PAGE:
Internet access: Discount for poor families with kids
Internet access will cost $9.95 a month under new cable industry plan. Private effort is part of federal initiative to spread broadband Internet access to the poor.
Cable companies said Wednesday that they will offer Internet service for $9.95 per month to homes with children that are eligible for free school lunches.
The offer will start next summer and is part of an initiative the Federal Communications Commission cobbled together to get more U.S. homes connected to broadband.
One third, or about 35 million homes, don't have broadband. That affects people's ability to educate themselves and find and apply for jobs, FCC Chairman Julius Genachowski said.
"The broadband adoption gap in the U.S. is very large, and the costs of digital exclusion are high and getting higher," Genachowski said.
The initiative, called Connect-to-Compete, also includes Microsoft Corp., which pledges to sell PCs with its Office software suite for $250 to low-income families. A firm called Redemtech is offering to sell refurbished computers for $150, including shipping.
For those who can't afford those prices, Morgan Stanley is pledging to develop a microfinance lending program for community-based financial institutions.
People are still signing up for broadband, but growth has slowed in recent years. For those who still haven't signed up, cost is a minor factor. Most say they're simply not interested or don't need it, according to a report by the Commerce Department based on Census Bureau data from last year.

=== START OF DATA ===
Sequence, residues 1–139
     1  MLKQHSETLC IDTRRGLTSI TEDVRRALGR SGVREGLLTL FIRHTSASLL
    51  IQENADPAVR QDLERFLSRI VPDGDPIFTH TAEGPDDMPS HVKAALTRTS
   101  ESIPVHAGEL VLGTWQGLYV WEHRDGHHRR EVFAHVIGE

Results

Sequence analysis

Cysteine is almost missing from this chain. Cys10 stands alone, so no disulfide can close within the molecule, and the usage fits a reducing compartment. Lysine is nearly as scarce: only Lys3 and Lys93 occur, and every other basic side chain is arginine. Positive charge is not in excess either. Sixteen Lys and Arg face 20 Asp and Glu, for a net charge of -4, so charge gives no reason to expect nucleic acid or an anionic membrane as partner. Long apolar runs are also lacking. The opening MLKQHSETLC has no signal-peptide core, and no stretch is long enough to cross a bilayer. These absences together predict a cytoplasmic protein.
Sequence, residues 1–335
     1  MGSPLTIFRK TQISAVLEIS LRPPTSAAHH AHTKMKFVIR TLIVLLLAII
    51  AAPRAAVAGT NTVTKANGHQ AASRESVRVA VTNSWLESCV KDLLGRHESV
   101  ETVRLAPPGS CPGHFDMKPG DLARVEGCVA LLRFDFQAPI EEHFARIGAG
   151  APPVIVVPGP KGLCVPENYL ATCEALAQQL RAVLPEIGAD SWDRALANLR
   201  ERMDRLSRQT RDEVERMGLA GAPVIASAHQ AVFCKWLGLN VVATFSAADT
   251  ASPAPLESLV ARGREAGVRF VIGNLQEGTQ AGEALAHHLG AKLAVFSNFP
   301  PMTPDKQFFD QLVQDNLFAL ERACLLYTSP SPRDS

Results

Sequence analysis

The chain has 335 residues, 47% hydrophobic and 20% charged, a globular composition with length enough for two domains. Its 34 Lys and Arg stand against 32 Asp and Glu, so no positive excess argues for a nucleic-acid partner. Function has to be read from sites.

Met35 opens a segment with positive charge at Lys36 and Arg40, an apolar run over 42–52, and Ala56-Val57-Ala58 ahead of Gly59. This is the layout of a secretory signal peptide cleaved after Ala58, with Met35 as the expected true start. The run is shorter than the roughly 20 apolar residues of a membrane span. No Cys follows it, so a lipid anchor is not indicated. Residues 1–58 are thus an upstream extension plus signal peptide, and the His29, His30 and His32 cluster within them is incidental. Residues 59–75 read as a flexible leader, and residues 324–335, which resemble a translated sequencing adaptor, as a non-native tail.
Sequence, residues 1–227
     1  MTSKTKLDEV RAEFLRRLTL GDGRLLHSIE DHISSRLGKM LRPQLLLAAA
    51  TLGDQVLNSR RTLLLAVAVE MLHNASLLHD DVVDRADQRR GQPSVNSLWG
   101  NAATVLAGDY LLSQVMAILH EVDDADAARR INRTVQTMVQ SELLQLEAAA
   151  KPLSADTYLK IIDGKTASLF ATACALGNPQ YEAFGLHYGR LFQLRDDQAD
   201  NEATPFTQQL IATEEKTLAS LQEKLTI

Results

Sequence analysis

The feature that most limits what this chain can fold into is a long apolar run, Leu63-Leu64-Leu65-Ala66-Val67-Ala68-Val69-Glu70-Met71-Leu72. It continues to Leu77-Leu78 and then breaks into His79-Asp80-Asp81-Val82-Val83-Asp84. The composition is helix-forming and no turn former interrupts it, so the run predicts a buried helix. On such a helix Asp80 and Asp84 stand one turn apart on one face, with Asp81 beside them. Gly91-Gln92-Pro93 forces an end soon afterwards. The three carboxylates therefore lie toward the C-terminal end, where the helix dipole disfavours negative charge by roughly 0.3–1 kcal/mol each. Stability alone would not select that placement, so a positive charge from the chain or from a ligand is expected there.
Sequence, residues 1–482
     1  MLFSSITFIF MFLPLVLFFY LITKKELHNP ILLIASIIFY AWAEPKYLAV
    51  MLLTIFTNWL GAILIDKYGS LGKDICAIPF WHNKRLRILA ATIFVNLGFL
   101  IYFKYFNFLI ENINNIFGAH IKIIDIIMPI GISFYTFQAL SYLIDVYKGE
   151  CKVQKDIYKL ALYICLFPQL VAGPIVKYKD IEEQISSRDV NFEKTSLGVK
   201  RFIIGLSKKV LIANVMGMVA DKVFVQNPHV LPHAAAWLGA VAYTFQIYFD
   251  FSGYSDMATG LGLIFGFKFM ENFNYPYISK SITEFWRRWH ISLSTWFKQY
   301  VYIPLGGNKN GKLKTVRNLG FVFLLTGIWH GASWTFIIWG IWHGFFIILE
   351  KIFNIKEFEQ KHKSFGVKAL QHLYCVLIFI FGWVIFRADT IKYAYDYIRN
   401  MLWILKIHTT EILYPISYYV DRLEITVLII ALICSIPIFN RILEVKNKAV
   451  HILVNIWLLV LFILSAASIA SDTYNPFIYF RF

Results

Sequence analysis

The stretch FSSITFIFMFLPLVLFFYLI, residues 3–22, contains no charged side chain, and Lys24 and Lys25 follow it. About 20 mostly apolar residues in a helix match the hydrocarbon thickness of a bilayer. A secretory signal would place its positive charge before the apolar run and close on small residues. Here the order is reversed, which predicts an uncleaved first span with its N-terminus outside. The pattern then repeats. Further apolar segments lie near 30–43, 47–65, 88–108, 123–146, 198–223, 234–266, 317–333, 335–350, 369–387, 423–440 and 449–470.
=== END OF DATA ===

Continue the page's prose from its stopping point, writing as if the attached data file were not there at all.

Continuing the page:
To help address the lack of interest and computer skills, Best Buy Co., Microsoft and nonprofits such as America's Promise Alliance and United Way are promising to support the initiative with training.
All major cable companies are standing behind the $9.95 offer, which will be valid for two years. The price doesn't include taxes, but the companies are pledging to charge nothing for installation or modem rental.
The minimum download speed will be 1 megabit per second, less than one tenth of average cable speeds. Brian Dietz, a spokesman for the National Cable & Telecommunications Association, said it will be up to the individual cable companies to decide what speeds they provide.
The NCTA estimates that about 5.5 million homes that don't have broadband will be eligible for the offer. According to the Commerce Department study, 78 percent of households with school-age children already have broadband, making them far more likely to be connected than the average household.
The big broadband gap is between younger and older households: Only 45 percent of people older than 64 have broadband. Black and Hispanic households were less likely to have broadband, even when adjusting for income, according to the study.
Comcast Corp., the largest cable company and the country's largest Internet service provider, is already offering broadband to $9.95 to low-income families, with a 1.5 megabit per second download speed. It offered to do that so regulators would let it take control of NBC Universal.